About

“Brian” is Dr. Brian Miller, associate professor of sociology at Wheaton College in Wheaton, Illinois. Brian’s published work includes studies of suburban growth and development, religion in the suburbs, McMansions, immigrants in the American suburbs, the redevelopment of the Cabrini-Green housing project in Chicago, and social network site use among emerging adults. He teaches classes such as American Suburbanization, Urban Sociology, Culture, Media, & Society, Statistics, and Research Methods. Contact Brian through his Wheaton page for more information.

Here are some of his published works:

Miller, Brian J. 2017 (online). “Growing Suburbs, Relocating Churches: The Suburbanization of Protestant Churches in the Chicago Region, 1925-1990.” Journal for the Scientific Study of Religion.

Miller, Brian J. 2017. “From I Love Lucy in Connecticut to Desperate Housewives’ Wisteria Lane: Suburban TV Shows, 1950-2007.” Sociological Focus 50(3):277-290.

Miller, Brian J. 2016. “A Small Suburb Becomes a Boomburb: Explaining Suburban Growth in Naperville, Illinois.” Journal of Urban History 42(6):1135-1152.

Brenneman, Robert and Brian J. Miller. 2016. “When Bricks Matter: Four Arguments for the Sociological Study of Religious Buildings.” Sociology of Religion 77(1):82-101.

Miller, Brian J. 2016. “Measuring Religion in Different Spatial Contexts: How Surveys Involving Religion Inconsistently Determine Locations.” Review of Religious Research 58(2):285-304.

Miller, Brian J. and Peter Mundey. 2015. “Follow the Rules and No One Will Get Hurt: Performing Boundary Work to Avoid Negative Interactions When Using Social Network Sites.” Information, Communication, and Society 18(2):187-201.

Miller, Brian J. 2014. “Suburban America.” Pp. 844-849 in American Immigration: An Encyclopedia of Political, Social, and Cultural Change, Second Edition, edited by James Ciment and John Radzilowski. Armonk, NY: Sharpe Reference.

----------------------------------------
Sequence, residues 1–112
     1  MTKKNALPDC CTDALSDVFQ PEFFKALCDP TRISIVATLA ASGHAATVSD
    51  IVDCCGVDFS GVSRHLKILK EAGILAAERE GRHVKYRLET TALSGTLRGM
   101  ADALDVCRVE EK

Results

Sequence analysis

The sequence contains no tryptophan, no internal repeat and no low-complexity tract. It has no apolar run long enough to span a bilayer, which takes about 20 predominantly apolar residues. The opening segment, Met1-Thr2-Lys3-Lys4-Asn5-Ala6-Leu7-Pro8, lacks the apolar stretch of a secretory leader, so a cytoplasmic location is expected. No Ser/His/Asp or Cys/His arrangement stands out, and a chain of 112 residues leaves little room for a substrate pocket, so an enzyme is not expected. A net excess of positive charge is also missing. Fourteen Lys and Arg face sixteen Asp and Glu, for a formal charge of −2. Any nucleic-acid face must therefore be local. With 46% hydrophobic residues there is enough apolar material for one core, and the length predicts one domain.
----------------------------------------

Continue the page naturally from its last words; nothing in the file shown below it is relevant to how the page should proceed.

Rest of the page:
Miller, Brian J. 2013. “Not All Suburbs are the Same: The Role of Character in Shaping Growth and Development in Three Chicago Suburbs.” Urban Affairs Review 49(5): 652-677.

Miller, Brian J., Peter Mundey, and Jonathan P. Hill. 2013. “Faith in the Age of Facebook: Exploring the Links Between Religion and Social Network Site Membership and Use.” Sociology of Religion 74(2):227-253.

Miller, Brian J. 2012. “Competing Visions of the American Single Family Home: Defining McMansions in the New York Times and Dallas Morning News, 2000-2009.” Journal of Urban History 38(6):1094-1113.

Miller, Brian J. 2008. “The Struggle Over Redevelopment at Cabrini-Green, 1989-2004.” Journal of Urban History 34(6):944-960.

Sadly, in this day and age of over-lawyered disclaimers, it is probably prudent to mention that all content on this website is intended for information purposes only.  We are not intending to provide professional advice, and our writings here should not be construed as such.  Any activities associated with this website are not intended to create, and do not constitute, an attorney-client relationship.